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Programming

TypeScript Default Parameters

Working with TypeScript isn’t the same as working with JavaScript or C# or Java or any other language that TypeScript has drawn inspiration from. This is a good and a bad thing. From a bad point of view, it means you have to learn some new tricks no matter what your background is, on the plus side you might find some funk that you couldn’t do elsewhere.

So in C# you can have default parameters, but they must be a compile-time constant. For example it can be “Whatever”, but it can’t be string.Empty. This isn’t usually a major problem in C#, but wouldn’t it be nice if you could have more flexibility that this?

In TypeScript, you can really go for it – for example you can use data from the instance, or from a method call or from pretty much anywhere. Here is a quick example:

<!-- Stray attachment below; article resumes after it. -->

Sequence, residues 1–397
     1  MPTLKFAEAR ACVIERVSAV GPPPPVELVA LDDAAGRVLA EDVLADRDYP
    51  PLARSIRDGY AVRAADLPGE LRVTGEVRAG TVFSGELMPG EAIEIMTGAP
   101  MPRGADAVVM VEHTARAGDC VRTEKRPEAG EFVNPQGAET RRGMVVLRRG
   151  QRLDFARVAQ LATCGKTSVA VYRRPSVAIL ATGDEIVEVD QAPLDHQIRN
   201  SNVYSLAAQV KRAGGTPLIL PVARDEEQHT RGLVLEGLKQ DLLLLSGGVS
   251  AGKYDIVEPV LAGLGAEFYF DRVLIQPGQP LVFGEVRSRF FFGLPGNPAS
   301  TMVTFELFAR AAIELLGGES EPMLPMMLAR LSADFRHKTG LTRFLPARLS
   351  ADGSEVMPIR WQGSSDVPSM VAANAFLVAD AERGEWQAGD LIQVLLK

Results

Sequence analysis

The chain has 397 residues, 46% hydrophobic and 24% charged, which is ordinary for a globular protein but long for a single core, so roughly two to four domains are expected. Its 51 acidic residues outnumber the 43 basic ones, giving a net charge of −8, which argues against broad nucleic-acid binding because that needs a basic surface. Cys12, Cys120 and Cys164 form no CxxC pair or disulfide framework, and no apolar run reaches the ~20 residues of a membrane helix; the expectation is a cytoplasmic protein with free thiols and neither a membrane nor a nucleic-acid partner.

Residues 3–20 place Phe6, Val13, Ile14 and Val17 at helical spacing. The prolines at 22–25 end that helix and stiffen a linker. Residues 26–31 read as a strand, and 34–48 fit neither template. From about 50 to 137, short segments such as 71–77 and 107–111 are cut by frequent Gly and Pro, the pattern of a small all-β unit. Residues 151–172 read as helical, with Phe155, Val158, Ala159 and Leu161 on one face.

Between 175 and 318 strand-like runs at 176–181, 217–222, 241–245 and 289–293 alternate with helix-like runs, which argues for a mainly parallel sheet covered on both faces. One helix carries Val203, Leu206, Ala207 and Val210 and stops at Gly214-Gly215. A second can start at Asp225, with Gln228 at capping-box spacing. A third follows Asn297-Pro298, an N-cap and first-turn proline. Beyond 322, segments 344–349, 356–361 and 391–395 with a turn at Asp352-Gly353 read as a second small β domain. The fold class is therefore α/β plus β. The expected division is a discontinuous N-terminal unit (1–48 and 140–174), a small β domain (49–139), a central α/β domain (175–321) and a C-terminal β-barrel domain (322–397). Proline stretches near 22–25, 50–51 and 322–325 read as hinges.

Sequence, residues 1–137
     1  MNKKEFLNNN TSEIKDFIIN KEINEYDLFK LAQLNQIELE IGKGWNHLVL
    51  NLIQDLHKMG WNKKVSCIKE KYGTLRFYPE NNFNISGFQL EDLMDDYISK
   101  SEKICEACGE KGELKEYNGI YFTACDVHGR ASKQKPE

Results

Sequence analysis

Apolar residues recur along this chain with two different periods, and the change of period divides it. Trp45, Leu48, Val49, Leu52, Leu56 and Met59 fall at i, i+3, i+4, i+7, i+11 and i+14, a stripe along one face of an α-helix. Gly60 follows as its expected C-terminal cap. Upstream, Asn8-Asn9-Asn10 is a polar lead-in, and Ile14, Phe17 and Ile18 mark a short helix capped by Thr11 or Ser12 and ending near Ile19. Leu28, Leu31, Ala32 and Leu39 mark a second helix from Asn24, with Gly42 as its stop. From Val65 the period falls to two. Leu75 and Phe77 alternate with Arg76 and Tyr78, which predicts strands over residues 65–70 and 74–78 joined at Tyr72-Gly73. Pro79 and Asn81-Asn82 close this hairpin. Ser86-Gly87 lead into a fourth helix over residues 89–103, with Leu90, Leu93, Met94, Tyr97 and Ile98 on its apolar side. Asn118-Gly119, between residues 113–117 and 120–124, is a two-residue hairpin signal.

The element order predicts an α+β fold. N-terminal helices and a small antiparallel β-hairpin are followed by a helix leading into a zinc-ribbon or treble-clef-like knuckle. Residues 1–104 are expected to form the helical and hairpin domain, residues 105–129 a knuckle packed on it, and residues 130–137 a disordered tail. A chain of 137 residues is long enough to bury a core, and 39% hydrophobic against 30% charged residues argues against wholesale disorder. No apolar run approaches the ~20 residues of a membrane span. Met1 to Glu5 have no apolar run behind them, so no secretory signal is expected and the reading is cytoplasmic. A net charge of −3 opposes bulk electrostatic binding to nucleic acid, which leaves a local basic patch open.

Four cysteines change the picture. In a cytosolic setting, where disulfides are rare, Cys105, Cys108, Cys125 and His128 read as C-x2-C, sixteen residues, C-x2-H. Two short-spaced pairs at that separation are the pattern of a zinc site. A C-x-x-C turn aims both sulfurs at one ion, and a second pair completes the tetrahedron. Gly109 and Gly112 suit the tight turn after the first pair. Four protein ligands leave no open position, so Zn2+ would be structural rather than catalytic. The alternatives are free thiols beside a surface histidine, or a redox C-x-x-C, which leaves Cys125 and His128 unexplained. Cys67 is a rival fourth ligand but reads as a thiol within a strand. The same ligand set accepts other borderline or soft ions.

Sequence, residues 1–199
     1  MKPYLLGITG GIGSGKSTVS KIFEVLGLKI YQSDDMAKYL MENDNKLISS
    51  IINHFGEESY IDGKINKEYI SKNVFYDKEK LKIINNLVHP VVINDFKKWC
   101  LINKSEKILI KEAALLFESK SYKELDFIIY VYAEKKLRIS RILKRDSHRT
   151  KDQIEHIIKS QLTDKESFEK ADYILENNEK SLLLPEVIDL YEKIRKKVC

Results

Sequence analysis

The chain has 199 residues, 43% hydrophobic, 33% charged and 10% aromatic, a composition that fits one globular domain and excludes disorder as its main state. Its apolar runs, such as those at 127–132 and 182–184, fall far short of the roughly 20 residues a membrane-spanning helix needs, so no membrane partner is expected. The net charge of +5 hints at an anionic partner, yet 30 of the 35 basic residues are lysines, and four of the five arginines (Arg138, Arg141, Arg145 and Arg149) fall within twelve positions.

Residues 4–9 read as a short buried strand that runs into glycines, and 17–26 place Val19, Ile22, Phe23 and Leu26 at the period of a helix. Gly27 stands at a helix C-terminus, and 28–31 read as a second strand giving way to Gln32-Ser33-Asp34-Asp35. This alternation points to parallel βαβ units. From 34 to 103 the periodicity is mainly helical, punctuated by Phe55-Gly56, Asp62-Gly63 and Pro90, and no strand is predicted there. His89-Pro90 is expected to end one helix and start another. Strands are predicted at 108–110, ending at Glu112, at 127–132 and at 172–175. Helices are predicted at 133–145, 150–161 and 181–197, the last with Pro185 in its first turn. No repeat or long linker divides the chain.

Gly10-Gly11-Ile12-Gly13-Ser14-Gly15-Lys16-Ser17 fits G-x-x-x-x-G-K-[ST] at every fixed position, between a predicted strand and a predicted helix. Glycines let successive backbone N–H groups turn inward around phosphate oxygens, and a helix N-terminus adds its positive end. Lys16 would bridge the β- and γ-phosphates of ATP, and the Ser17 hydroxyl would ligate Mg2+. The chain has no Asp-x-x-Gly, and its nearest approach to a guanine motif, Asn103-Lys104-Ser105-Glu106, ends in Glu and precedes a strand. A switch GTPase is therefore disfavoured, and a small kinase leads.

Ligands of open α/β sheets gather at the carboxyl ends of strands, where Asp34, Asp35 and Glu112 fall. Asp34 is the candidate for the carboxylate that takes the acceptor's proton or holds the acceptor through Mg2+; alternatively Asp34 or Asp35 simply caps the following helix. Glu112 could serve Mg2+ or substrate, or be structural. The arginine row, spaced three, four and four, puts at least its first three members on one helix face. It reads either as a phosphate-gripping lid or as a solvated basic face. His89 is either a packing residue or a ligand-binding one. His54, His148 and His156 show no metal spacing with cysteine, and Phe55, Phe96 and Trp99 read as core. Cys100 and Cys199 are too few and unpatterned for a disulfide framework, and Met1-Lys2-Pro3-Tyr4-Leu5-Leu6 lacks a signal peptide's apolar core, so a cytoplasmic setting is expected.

findLastIndex(predicate: (T) => boolean, index: number = this.length): number {
    for (var i = index; i > -1; i++) {
        if (predicate(this.list[i])) {
            return i;
        }
    }
    return -1;
}

You can ignore most of what you see here, it is taken from a TypeScript implementation of List<T>. The important bit is the second parameter, which has a default value of this.length. This is not a compile-time constant, but it is allowed in TypeScript. You could in fact use any of the following (and more along these same lines):

  • (index: number = this.length)
  • (index: number = this.someMethod())
  • (index: number = this.someDependency.someMethod())
  • (index: number = StaticClass.someMethod())

…and so on!

The reason that this is allowable in TypeScript is because the default parameter is converted into an in-method check, which means the code just runs inside the curly-braces at runtime. The check inspects the argument that has been passed and then makes the call to get the default value if needed. Check out the first line of the transpiled JavaScript.

List.prototype.findLastIndex = function (predicate, index) {
    if (typeof index === "undefined") { index = this.length; }
    for(var i = index; i > -1; i--) {
        if (predicate(this.list[i])) {
            return i;
        }
    }
    return -1;
};

This means you get the syntactical sugar of default parameters with the in-method functionality of a manually written check.